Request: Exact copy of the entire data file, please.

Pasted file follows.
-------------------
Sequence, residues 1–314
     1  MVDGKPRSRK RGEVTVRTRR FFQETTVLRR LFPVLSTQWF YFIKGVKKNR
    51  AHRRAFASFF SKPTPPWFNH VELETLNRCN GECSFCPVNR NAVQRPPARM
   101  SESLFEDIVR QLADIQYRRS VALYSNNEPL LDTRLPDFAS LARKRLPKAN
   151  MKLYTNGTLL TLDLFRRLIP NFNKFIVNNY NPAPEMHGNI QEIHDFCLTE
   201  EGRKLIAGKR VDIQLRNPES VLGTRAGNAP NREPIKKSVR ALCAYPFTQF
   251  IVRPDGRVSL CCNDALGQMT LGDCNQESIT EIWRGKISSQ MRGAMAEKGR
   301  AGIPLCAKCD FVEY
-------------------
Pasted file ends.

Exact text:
Sequence, residues 1–314
     1  MVDGKPRSRK RGEVTVRTRR FFQETTVLRR LFPVLSTQWF YFIKGVKKNR
    51  AHRRAFASFF SKPTPPWFNH VELETLNRCN GECSFCPVNR NAVQRPPARM
   101  SESLFEDIVR QLADIQYRRS VALYSNNEPL LDTRLPDFAS LARKRLPKAN
   151  MKLYTNGTLL TLDLFRRLIP NFNKFIVNNY NPAPEMHGNI QEIHDFCLTE
   201  EGRKLIAGKR VDIQLRNPES VLGTRAGNAP NREPIKKSVR ALCAYPFTQF
   251  IVRPDGRVSL CCNDALGQMT LGDCNQESIT EIWRGKISSQ MRGAMAEKGR
   301  AGIPLCAKCD FVEY